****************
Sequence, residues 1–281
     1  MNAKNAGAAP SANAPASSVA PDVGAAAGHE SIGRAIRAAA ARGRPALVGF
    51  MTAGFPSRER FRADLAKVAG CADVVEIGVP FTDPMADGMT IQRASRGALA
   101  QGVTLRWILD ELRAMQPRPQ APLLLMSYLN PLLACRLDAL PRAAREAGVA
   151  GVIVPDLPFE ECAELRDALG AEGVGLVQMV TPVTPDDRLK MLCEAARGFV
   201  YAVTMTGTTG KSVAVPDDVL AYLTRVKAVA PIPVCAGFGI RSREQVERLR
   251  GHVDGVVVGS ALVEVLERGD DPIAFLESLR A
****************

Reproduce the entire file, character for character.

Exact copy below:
Sequence, residues 1–281
     1  MNAKNAGAAP SANAPASSVA PDVGAAAGHE SIGRAIRAAA ARGRPALVGF
    51  MTAGFPSRER FRADLAKVAG CADVVEIGVP FTDPMADGMT IQRASRGALA
   101  QGVTLRWILD ELRAMQPRPQ APLLLMSYLN PLLACRLDAL PRAAREAGVA
   151  GVIVPDLPFE ECAELRDALG AEGVGLVQMV TPVTPDDRLK MLCEAARGFV
   201  YAVTMTGTTG KSVAVPDDVL AYLTRVKAVA PIPVCAGFGI RSREQVERLR
   251  GHVDGVVVGS ALVEVLERGD DPIAFLESLR A